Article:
Then she examined the ID page of my passport closely, and discovered: some air trapped in the laminate, over parts of my photo and some of the writing. She decided that posed too big a risk of the laminate peeling off, so she said they would not stamp the visa in this passport. I must now get a new one, a new book. Just like that.

And so began yet another round of red-tape, this time the homegrown Indian kind. Scrambling to find information about applying for this new book, racing to the office where I had one of my first passports issued in Mumbai. Only to be told that my address puts me in another, newer jurisdiction. Another dash across the length of the city, only to arrive an hour after the counters are closed for the day (at noon!!) at this office! Then someone tells me the process of applying online, saying there is a “tatkal” or expedited process I should try – one that would take as little as 10 days!! There goes my flight reservation for Friday night, and perhaps another couple hundred bucks in airline penalties for changing it again. Unless, somehow, we find a sympathetic miracle worker in the bureaucracy willing to help a brother out. Fat chance. But old friends are rallying around, hoping to find a quicker way. Fingers crossed that this red tape is loose enough for me to wriggle free quickly.

Meanwhile, back in Fresno, students are wondering when they’re going to see their professor this semester. My colleagues’ generosity is stretched quite far already, covering my classes. Grad students are likely  even more frustrated. At home, our 6-year-old has been sick with fever and asthma, our family doctor wondering if it is time to move her to Children’s Hospital. And Kaberi is at her wits’ end, juggling her own new teaching workload while managing both kids on her own – a handful even when they aren’t sick.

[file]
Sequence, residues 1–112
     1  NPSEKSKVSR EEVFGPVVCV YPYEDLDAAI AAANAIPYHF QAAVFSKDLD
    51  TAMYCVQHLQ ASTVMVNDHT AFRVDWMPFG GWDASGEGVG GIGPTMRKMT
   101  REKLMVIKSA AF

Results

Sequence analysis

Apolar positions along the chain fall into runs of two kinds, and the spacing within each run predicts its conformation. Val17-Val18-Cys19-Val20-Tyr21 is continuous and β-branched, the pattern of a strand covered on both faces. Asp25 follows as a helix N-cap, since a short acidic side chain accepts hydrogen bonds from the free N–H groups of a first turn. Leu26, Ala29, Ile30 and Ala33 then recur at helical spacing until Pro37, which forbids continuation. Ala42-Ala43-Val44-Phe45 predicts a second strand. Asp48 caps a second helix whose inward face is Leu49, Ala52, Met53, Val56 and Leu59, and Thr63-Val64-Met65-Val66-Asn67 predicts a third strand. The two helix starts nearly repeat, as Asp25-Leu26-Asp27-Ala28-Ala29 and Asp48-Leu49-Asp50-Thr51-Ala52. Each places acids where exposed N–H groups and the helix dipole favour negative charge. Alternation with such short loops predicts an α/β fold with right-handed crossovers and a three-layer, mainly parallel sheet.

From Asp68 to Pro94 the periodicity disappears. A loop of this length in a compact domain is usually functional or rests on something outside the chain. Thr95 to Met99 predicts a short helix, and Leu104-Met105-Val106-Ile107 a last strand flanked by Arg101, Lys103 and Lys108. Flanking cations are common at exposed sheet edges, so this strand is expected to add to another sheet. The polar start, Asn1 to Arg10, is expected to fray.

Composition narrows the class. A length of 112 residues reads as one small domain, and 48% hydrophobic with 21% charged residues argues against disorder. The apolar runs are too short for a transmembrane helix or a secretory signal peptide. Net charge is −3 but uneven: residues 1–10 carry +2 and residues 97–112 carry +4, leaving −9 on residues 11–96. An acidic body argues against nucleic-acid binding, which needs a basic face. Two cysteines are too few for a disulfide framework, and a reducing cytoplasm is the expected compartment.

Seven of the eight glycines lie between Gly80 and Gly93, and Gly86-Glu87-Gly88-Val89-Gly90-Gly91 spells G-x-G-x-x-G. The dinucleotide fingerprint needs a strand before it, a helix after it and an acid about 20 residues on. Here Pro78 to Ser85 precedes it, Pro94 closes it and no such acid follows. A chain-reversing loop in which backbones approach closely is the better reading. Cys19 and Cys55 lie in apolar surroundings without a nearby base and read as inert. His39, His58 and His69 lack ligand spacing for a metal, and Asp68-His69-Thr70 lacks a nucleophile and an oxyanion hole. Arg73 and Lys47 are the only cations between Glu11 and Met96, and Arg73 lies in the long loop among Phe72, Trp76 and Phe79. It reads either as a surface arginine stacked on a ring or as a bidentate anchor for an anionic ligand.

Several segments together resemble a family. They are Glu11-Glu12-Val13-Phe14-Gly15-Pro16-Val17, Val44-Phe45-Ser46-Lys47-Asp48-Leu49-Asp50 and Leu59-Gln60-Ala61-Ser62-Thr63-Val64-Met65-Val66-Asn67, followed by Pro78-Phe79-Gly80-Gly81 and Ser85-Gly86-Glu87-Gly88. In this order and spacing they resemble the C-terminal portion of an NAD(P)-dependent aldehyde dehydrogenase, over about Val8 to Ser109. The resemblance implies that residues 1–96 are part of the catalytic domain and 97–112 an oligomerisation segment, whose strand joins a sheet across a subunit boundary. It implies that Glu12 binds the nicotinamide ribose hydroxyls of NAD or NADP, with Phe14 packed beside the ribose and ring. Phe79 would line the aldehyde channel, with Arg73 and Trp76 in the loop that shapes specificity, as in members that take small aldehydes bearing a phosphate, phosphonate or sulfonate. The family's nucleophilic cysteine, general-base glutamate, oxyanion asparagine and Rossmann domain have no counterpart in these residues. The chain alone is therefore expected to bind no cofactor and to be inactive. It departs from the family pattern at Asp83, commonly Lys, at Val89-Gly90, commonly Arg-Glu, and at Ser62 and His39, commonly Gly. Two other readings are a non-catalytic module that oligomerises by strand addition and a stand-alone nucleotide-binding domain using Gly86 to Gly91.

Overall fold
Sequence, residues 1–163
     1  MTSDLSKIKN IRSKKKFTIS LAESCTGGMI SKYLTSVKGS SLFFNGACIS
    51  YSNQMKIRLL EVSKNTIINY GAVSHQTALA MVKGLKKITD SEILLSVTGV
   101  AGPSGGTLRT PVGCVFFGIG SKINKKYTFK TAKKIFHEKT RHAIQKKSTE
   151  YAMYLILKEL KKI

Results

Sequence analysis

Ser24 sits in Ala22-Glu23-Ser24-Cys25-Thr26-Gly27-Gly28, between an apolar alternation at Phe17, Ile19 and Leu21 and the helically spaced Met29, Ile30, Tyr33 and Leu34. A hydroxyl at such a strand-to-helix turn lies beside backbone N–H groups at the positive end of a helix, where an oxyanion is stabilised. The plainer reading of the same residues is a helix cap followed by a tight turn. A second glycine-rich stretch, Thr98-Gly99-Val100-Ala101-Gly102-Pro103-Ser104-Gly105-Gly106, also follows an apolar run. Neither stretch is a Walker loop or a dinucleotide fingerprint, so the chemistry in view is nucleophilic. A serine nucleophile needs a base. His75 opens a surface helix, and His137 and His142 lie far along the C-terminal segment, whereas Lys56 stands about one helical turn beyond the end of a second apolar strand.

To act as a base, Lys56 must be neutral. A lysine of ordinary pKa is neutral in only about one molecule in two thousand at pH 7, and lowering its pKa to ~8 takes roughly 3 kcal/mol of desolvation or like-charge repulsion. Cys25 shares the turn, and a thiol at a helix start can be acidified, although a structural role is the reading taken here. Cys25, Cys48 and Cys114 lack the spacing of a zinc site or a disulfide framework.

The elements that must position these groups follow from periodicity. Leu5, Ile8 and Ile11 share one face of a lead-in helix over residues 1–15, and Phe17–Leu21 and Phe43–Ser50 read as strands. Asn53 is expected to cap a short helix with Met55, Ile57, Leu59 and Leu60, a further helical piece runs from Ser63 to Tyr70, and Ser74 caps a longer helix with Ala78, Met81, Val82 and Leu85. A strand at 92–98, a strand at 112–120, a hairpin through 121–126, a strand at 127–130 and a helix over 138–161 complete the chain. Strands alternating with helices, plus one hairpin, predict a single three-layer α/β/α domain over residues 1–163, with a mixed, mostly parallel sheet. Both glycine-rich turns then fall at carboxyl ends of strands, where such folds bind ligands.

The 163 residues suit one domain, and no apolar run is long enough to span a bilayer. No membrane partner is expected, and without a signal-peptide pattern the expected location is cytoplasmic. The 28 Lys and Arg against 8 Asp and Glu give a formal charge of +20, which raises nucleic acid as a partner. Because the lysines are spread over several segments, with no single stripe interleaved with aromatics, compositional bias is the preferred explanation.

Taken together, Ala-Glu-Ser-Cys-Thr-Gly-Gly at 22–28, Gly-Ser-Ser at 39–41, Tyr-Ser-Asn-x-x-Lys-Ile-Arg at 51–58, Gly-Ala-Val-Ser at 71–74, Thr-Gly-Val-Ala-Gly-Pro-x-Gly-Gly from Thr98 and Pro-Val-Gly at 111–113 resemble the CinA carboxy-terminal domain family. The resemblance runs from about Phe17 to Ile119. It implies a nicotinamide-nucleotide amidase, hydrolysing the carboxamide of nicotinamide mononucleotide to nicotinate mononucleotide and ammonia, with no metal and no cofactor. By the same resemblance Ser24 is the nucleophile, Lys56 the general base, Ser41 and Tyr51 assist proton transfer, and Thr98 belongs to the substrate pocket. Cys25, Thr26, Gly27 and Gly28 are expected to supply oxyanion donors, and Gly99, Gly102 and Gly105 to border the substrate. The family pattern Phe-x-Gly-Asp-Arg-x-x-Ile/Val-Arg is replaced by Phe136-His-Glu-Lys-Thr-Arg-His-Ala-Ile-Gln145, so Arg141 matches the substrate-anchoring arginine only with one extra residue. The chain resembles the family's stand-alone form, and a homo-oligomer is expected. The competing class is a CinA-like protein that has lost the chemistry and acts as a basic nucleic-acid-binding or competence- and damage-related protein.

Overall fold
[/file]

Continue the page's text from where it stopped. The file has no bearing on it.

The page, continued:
But I remain stuck half a world away, for an unknown while longer. At least I know I will get that visa… that bit of assurance will have to be enough to ride through this new turbulence. This is what you’ve been signed up for, as a dispersing worker in this world of globalization, which does all it can to smooth the flows of capital and profits. But what about people? Better strap in, there will be turbulence. Hang on.

Update (22 Feb):

Spent another morning at the Thane Passport Office, eventually even meeting personally with the head honcho, the chief Passport Officer himself. He listened to me describe my predicament with some sympathy, but said he couldn’t really expedite things too much – in part because of procedures; but also because my current passport was issued in San Francisco before the passport service started digitizing their records, a process that is still ongoing – which means they won’t have easy access to my previous file to verify information in the passport! After first saying I may not even be able to do a Tatkal (urgent) application at all, he then pointed me to ways to get the information certified by some high-ranking govt. officials in an affidavit (some forms called Annexure F and I), so that’s what I will have to do now. Meanwhile he also confirmed the appointment I had received through the online application portal which now has my application queued up to start processing on the 28th. He asked me to come back to him then so he will review the application along with the verification certificate and other documents, and start processing the new passport on a Tatkal basis. That may then take another 1-7 days (although most likely less than 7) he said, and smiled sympathetically, suggesting I change my travel plans. Add another 1-2 days to get the US visa stamp in the new passport – and I’m looking at potentially another two weeks here!!!